The homebred 2-year-old colt pacer will get the biggest test of his brief career Saturday when he competes in his first stakes race in a division of the International Stallion Stake at The Red Mile in Lexington.
It’s a chance for owner-trainer Brent MacGrath to see exactly where his horse is when it comes to high-level competition. Melmerby Beach, who has a win in two races, will start from post three with driver Paul MacDonell and is 12-1 on the morning line. Limelight Beach, who last week won a division of the Bluegrass Stakes, is the 5-2 choice.
“That’s obviously the plan,” said the Nova Scotia car dealer. “It looks like we hit two of the tougher ones in Limelight Beach and Erv Miller’s colt, Jet Airway. I certainly would have liked to miss them but we didn’t, and we’re ready to go. You can’t put them into these kinds of races and not expect the good ones to be there.”
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|The lightly raced Melmerby Beach has banked $8,919 in just two starts.|
MacGrath has faith that Melmerby Beach can join the long list of successful horses sired by Somebeachsomewhere, one of the greatest pacers to come along in decades. “The Beach” won 20 of 21 lifetime races and was Horse of the Year in 2008.
He has since become as great a sire as he was a racehorse, as his first crop earned a record $4.75 million for 2-year-olds in 2012. Among the horses sired by Somebeachsomewhere is current 3-year-old star Captaintreacherous, who also races on Saturday in a division of the Tattersalls.
That’s a lot to live up to, but MacGrath feels Melmerby Beach, out of the dam DB Blue Chip, has the potential.
“I’m high on him; I’ve been high on him all along,” he said. “We’ve trained him again in Nova Scotia and his qualifying start at Mohawk (winning in 1:56.3; final quarter in :26.3) was very impressive. He trained down very good. He won his first start in (1):52.4, and he was really strong and very comfortable there.”
Prior to that race, the horse popped an abscess in his foot that was taken care of. He popped another one after the race that had to be tended to. Prior to his second start, he came up sick.
“He raced good, but he didn’t race the way he had qualified or raced the way he had been training or prepping or anything else,” MacGrath said. “He just was sick, and we gave him a couple weeks and fixed him up, and we’re ready to go, we’re excited about him.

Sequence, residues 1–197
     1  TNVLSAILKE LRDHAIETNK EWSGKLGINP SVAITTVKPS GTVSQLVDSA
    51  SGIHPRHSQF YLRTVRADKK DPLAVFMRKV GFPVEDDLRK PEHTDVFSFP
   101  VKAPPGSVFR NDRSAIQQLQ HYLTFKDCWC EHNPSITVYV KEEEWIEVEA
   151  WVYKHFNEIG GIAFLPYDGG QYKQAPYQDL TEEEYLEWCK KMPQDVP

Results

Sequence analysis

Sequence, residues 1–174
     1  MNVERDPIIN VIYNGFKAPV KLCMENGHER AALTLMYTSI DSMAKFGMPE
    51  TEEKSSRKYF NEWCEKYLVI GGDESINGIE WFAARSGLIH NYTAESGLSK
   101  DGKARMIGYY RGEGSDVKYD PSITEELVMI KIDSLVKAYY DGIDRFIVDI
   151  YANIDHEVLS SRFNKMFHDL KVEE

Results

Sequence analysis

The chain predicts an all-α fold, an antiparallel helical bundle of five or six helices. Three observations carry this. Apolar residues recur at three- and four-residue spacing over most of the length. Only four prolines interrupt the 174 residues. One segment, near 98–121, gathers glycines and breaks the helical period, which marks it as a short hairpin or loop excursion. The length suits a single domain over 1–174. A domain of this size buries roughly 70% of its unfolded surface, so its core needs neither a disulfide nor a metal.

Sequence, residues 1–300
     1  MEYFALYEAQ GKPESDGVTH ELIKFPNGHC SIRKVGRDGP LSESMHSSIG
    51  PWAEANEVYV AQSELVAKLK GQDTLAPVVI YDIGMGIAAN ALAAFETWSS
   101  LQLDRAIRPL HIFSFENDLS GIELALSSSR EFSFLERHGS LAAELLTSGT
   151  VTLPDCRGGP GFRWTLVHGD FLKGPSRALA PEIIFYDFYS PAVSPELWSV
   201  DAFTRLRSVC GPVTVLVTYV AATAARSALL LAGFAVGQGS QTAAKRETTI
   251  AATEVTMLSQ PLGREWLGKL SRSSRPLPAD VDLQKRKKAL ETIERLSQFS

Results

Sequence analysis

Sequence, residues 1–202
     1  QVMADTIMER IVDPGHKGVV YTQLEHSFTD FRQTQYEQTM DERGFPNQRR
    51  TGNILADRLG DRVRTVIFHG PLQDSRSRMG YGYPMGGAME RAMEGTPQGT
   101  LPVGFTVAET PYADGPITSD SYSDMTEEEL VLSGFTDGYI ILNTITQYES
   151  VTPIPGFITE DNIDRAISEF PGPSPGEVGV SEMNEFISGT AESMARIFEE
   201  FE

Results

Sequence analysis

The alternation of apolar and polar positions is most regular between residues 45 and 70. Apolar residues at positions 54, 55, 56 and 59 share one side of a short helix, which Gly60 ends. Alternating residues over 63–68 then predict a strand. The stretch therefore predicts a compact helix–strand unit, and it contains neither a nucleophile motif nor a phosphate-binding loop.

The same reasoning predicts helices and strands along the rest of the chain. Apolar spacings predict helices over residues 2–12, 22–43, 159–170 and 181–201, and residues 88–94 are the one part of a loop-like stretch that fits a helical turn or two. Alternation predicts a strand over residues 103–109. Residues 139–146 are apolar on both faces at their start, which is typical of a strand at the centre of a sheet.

“He looks sharp and he seems to like Lexington. He’s really had a lot of issues in the last month, but I think we have them behind us and we’re good to go.”
Melmerby Beach is also eligible for the Breeders Crown, and MacGrath said, “That’s our plan. It depends a little on what happens Saturday but the plan is to go for the Breeders Crown.”
The obvious question for MacGrath is how Melmerby Beach compares with Somebeachsomewhere.
“They’re both good gaited and both very happy horses with good attitudes,” he said. “This horse is certainly not the size of his father, but he’s got a very efficient gait and lots of speed. This horse has a very high turn of speed and of course so did his father.
“Probably the size of them, the overall stature, is the biggest difference. One’s a bigger, stronger horse. But their personalities are a lot alike. They’re both very laid back, easy to deal with horses. They’re both very smart.”
Another difference is that The Beach was Ontario-sired and never raced in the U.S as a 2-year-old.
“My plan was a little different getting him ready as far as what we were prepping him for,” MacGrath said. “We’re kind of pointing this colt for this event, where with Beach we had the Battle of Waterloo in August in Ontario, which is $300,000, and I prepped him for that.
“I wasn’t planning on sending this colt to Pennsylvania for the summer so I really wasn’t in any big rush with him. I really like to only have four or five starts in a 2-year-old anyway. It’s tough on them. We planned on racing him in the Metro and the Champlain but we had a few little setbacks and it just didn’t work out.”
MacDonell has been Melmerby Beach’s regular driver, which should not come as a surprise since he drove Somebeachsomewhere throughout his career.
“We’ve been friends a long time and he always drives for me,” MacGrath said. “If my horses have any kind of shot at all, he takes them. The horses he has driven have usually been very competitive and it’s usually worked out for the both of us.
“He’s been very loyal to me. He’s coming down to drive him and get a little holiday too.”
He just doesn’t want it to take a holiday from winning with a horse named beach.